It’s that HUMBERSIDE taxing accident again!


Can you help with this accident at HUMBERSIDE?

You may well remember that a couple of years ago I asked for your help with this taxing accident at Humberside.

We now have a 1000 more subscribers (over 2000 total) now and we have also have been discussing this incident on Instructor Course’s

So I have reproduced the original article with some changes. I will answer everything  by the end February.

 

CAN YOU HELP PLEASE?

The accident described below on the face of it would seem to be a simple taxying incident due to a misunderstanding of the taxy instructions given by ATC to the pilot.

http://www.aaib.gov.uk/cms_resources.cfm?file=/Piper%20PA-32R-301%20Saratoga%20SP,%20G-BJCW%2010-13.pdf

Can I ask you all to have a look at this accident and answer the following for me please?

1. Do you think the information provided on the AAIB bulletin is comprehensive enough for you to understand the path taken by the aircraft from the light aircraft parking area to the point of impact? YES or NO

2. Do you think that ATC contributed to the accident by giving ambiguous instructions, if so how do you think the instructions should have been given to the pilot and can you see where any  improvements could be made at Humberside to prevent a similar accident from reoccurring?

3. Do you think there are any unmentioned facts that could have contributed to this accident and would be a useful guide to preventing this accident reoccurring?

4. (update) In my opinion there are some glaring errors made by all agencies relating to this incident. Can you see some of those omissions or errors. Not one of you has spotted them so far!

Please comment below the post at the bottom of the page (Leave a reply) or email me at mibcentral AT gmail.com

I shall be making a further post in regard to this accident with my own findings at a later stage.

While  I also have your attention may I ask you to ‘rate’ any posts I make, some encouragement is always useful!

If you are not already signed up(see right hand margin) please consider this as I want to get to a 1000 by Christmas! 899 at the moment! Note I now have over 2000 signed up- 2016!

Please as always feel free to ask any questions that you feel may make useful posts in the future

I thank you all

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14 thoughts on “It’s that HUMBERSIDE taxing accident again!

  1. First point is if you’re the Captain of the aircraft and even if you have ATC clearance, if you’re still un comfortable with an instruction you don’t have to take it if it creates a flight safety hazard in your opinion. “OK I guess but I’ll have a go” is not the right response.

    The controller could have said taxi on to taxiway Delta which would have been clearer than “take the concrete strip on your left hand side”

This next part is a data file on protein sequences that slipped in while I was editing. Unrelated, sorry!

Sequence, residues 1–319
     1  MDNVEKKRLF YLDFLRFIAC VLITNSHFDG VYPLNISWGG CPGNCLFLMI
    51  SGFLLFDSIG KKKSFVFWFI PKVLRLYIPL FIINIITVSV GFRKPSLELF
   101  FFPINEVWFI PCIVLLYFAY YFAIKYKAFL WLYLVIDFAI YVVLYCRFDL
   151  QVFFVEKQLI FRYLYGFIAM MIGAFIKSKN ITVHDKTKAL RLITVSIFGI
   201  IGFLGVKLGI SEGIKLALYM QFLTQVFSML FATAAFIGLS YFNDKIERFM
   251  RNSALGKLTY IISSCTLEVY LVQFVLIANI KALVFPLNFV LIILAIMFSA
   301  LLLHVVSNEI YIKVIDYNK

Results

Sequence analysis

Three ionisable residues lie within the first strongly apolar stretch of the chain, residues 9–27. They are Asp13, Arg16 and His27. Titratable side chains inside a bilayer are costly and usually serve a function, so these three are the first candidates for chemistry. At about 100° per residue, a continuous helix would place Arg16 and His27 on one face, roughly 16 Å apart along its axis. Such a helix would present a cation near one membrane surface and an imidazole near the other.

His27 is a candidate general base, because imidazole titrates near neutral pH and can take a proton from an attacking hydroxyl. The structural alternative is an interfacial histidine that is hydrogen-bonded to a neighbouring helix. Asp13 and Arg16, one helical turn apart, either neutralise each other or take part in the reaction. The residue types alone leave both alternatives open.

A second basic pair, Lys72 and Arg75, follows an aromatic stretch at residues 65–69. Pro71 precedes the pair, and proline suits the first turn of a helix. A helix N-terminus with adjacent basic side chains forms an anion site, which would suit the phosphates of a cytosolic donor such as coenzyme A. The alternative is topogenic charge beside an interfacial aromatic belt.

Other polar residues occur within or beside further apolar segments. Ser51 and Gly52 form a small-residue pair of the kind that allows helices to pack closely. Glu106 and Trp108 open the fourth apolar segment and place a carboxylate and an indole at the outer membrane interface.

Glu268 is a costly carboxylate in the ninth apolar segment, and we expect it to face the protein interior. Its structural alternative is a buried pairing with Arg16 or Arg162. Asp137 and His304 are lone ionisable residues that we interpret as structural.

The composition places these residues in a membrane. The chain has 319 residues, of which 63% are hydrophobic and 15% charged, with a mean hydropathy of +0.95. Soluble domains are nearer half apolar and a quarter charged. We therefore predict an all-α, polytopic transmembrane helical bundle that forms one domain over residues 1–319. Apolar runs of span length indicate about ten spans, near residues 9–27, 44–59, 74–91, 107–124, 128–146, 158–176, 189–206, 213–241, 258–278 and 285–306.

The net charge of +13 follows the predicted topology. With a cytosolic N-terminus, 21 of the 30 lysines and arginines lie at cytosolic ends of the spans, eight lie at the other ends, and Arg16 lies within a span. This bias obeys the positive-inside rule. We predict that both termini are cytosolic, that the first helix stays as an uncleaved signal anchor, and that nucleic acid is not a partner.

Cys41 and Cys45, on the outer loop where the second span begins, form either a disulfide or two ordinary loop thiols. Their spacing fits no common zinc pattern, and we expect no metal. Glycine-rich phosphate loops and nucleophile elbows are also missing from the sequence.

When the controller spotted the a/c was in the wrong position they should have stopped them and or given them a progressive taxy instruction;

    In regards to the report, a line on the map/photo would have been useful from the parking point to impact point to show where the aircraft went and understand the confusion

    (Might be slightly unfair as I am familiar with the airport and the layout)

    Adam

  2. Why did the pilot not have a detailed map / plan / Google Earth photo of the airfield taxiways and runways – this was his first visit and he should have planned it properly; ATC’s instructions were very poor and ambiguous but it is up to the pilot to question (and keep questioning) any doubtful instructions.

      • OK, although the pilot was new to the airfield he obviously must have landed there, taxied to the light plane park area and so should have known the route; why did he not just follow the route in reverse? The google earth photo shows an exit / entry way in the top corner of the grassed parking area – why was he not directed to use this?

  3. We cannot be sure if the pilot had flown into the airfield because the accident inspector hasnt bothered to find that out! Even if the pilot had taxied to the parking area on arrival there are two very different ways in so he could have ended up on one he was not familiar with on departure-again we are not told! I suspect when the ATC controller changed his mind and sent the pilot via the hard surface he put the pilot into very unfamiliar territory. More soon

  4. The report should have included a pictoral representation of the path of the aircraft because the description of it is unclear to the point of being unusable. ATC definitely contributed to the accident by using abysmal R/T like “that concrete strip to your left” rather than taxiway designators. As for the errors, I don’t know what exactly you’re referring to.

    • Thre are errors in the repoprt and the information it contains. The AAIB inspector should have picked up on some of the errrors that this event has thrown up but he did not-he also refused to discuss it further with me

  5. Is it not common practice at British airfields to have named taxi-ways (e.g.Alpha, Bravo, Charlie etc…) with painted yellow centrelines? The ATC would then have issued the instruction “taxi right on Alpha to the hold at the intersection with Delta”? The pilot would then have an unambiguous instruction and could use his airfield map to follow it.

  6. A simple drawing would have made the actual taxy routing easier to understand.Assuming that the intention was to join D then proceed via the Apron something like “taxy onto the ramp then right onto Delta ” would have been clearer.It is puzzling though why the pilot ignored the > boundary markers and why,having seen the post still collided with it,because “he had an ATC Clearance > >

    • Thank you Eon and thank you for your emails, still working on an answer to your query!

      Everyone has still missed some mistakes made by the inspector! I shall reveal all in April!

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